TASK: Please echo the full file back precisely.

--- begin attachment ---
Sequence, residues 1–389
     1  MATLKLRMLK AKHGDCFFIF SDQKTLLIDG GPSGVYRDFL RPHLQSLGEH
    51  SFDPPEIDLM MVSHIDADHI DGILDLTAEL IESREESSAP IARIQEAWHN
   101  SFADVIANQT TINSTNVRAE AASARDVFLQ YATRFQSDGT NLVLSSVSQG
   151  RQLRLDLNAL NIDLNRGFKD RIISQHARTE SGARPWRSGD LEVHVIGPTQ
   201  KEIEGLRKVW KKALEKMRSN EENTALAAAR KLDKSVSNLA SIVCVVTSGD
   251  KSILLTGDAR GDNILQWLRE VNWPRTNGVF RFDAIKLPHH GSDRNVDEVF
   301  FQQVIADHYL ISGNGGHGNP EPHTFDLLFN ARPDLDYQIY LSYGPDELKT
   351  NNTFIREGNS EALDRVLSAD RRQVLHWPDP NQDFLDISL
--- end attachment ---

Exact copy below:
Sequence, residues 1–389
     1  MATLKLRMLK AKHGDCFFIF SDQKTLLIDG GPSGVYRDFL RPHLQSLGEH
    51  SFDPPEIDLM MVSHIDADHI DGILDLTAEL IESREESSAP IARIQEAWHN
   101  SFADVIANQT TINSTNVRAE AASARDVFLQ YATRFQSDGT NLVLSSVSQG
   151  RQLRLDLNAL NIDLNRGFKD RIISQHARTE SGARPWRSGD LEVHVIGPTQ
   201  KEIEGLRKVW KKALEKMRSN EENTALAAAR KLDKSVSNLA SIVCVVTSGD
   251  KSILLTGDAR GDNILQWLRE VNWPRTNGVF RFDAIKLPHH GSDRNVDEVF
   301  FQQVIADHYL ISGNGGHGNP EPHTFDLLFN ARPDLDYQIY LSYGPDELKT
   351  NNTFIREGNS EALDRVLSAD RRQVLHWPDP NQDFLDISL